If you want to learn more about the challenges of managing supply and demand chains, then EnterWorks CEO Rick Chavie is your man.
Rick served as as SVP, Global Solution Management with hybris and SAP’s Customer Engagement and Commerce group, where he brought together digital and physical commerce and CRM assets for seamless customer experiences. And Rick not only has industry experience from leadership roles at retailers such as The Home Depot and C&A, but also technology experience from his role as the global marketing leader for NCR’s retail and hospitality business, and management consulting expertise from his partner roles at Deloitte and Accenture, where he served clients across retail, branded consumer and wholesale verticals.
We recently caught up with the Harvard MBA and Fulbright Scholar to get his insight on how supply chain managers should be using Big Data. Here’s what he had to say:
What do supply chain managers need to know about how big data can improve their work?
Among others, there are two major ways that big data can expand the reach of supply chain managers beyond traditional sources of information:
- Internet of Things: By adding new information sources ranging from meters on gas lines to monitors on machine usage, there is the opportunity to transform replenishment and fulfillment cycles from a human-driven cycle to automated, real-time means to execute just-in-time fulfillment. Supply chain managers are used to relying on indirect means and forecasts to predict when to initiate a replenishment order, in particular for items that need maintenance periodically. Now, with direct connections to the masses of big data made available by their IoT collection devices, it can transform the replenishment process.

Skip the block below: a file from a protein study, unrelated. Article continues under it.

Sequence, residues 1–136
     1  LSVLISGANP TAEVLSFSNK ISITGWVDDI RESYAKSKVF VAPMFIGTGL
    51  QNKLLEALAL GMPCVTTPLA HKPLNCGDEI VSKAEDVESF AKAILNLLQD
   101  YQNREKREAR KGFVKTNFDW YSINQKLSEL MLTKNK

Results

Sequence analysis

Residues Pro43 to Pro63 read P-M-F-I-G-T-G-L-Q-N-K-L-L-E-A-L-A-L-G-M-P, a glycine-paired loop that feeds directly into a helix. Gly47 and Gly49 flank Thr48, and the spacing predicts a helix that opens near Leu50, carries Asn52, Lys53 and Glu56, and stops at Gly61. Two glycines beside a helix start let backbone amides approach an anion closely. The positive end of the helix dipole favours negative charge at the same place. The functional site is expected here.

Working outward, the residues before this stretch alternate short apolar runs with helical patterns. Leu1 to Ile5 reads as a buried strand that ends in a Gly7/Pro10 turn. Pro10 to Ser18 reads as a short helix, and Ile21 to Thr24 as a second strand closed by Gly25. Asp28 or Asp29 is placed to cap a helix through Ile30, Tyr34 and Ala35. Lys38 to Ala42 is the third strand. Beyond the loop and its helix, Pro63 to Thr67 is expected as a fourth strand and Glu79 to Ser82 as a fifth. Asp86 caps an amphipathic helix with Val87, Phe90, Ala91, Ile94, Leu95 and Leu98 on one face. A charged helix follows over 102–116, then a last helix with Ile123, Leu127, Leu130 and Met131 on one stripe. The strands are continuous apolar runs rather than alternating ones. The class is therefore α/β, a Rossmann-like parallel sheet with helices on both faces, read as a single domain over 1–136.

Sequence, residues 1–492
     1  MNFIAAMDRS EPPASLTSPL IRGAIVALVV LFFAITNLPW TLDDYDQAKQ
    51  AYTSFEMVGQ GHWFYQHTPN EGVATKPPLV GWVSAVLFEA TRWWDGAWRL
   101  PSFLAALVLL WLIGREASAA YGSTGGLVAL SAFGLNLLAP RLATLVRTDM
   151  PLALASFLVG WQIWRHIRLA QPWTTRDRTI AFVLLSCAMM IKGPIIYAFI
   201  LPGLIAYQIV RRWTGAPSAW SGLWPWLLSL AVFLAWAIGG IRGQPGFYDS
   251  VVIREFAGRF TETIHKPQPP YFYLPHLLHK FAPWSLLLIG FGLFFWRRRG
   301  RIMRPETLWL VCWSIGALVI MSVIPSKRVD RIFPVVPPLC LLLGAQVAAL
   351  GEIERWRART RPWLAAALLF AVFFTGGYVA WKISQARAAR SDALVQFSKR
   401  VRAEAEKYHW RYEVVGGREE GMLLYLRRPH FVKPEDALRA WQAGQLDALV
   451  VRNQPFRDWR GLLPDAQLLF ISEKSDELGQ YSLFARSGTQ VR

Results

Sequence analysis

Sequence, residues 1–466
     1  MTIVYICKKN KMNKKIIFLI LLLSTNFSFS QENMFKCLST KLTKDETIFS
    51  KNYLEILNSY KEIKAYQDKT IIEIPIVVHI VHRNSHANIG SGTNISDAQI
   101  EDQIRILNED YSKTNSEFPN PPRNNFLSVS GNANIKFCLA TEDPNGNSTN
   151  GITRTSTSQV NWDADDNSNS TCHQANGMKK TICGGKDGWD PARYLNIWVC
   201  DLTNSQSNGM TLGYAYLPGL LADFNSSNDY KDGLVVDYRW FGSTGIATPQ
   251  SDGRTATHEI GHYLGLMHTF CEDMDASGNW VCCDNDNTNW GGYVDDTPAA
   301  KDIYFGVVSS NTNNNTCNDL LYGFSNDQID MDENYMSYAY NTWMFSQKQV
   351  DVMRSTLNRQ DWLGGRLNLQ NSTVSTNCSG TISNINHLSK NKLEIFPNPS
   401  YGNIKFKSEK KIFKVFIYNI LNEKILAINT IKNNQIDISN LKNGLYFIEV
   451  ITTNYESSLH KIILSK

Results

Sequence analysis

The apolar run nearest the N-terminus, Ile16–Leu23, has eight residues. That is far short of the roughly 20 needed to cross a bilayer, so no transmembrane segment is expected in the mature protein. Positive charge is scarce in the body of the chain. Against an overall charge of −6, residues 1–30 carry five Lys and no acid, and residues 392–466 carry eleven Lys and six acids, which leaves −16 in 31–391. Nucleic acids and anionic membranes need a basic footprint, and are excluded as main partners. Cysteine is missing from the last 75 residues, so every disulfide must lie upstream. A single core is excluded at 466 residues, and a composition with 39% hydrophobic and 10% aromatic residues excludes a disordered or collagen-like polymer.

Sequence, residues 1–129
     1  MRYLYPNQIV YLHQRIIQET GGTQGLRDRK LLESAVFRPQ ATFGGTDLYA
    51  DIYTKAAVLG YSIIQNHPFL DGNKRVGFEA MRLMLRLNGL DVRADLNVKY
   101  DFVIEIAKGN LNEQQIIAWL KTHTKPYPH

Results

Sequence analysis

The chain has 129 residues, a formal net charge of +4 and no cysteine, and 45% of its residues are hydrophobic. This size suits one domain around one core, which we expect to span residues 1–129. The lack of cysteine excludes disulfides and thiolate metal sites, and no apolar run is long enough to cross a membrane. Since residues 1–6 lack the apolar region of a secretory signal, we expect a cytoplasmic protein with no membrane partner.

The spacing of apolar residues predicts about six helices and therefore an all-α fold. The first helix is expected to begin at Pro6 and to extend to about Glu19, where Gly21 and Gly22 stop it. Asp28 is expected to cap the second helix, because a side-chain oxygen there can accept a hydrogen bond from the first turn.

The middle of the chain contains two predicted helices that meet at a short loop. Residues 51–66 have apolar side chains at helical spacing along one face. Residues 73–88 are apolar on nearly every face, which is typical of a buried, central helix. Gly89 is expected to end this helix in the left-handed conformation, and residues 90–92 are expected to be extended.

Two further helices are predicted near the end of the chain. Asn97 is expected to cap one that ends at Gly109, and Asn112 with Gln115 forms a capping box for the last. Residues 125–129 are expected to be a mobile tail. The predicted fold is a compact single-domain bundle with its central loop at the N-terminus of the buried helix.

- Demand-driven replenishment: Similarly, it has long been a challenge to directly observe downstream demand pull cycles, with most companies relying on push mechanisms that are increasingly based on sophisticated forecasting mechanisms. However, as large data feeds are increasingly made accessible through B2B2C platforms for managing master data and product data, the same is true of accessing customer transactions in real-time data stores that shorten the cycle of informing replenishers what is happening on the sales or dealer floor. In the past, the supply chain manager may have known that a store has a certain amount of sales and inventory at the end of a day; now, they can know these things by customer, by location within store and by time of day. This visibility, when combined with the much higher “resolution” of insights available through ecommerce transactions can truly enable omnichannel excellence in supply chain execution.
Have supply chain managers learned yet to take full advantage of big data?
Few companies have mapped their systems to take full advantage of such data. The first order of business is taking on the challenge of having base data stores for product, logistics, location and other supply chain information related to the brand. Once the right taxonomies and filters are incorporated in such base data that is shared across the supply chain, it can then be enriched with other big data elements that are ever more granular in nature. But first, the initial data model must be established with proper data governance and with the capability of having a robust dynamic data modeling capability that can be refreshed continually as new data feeds and channels come on line.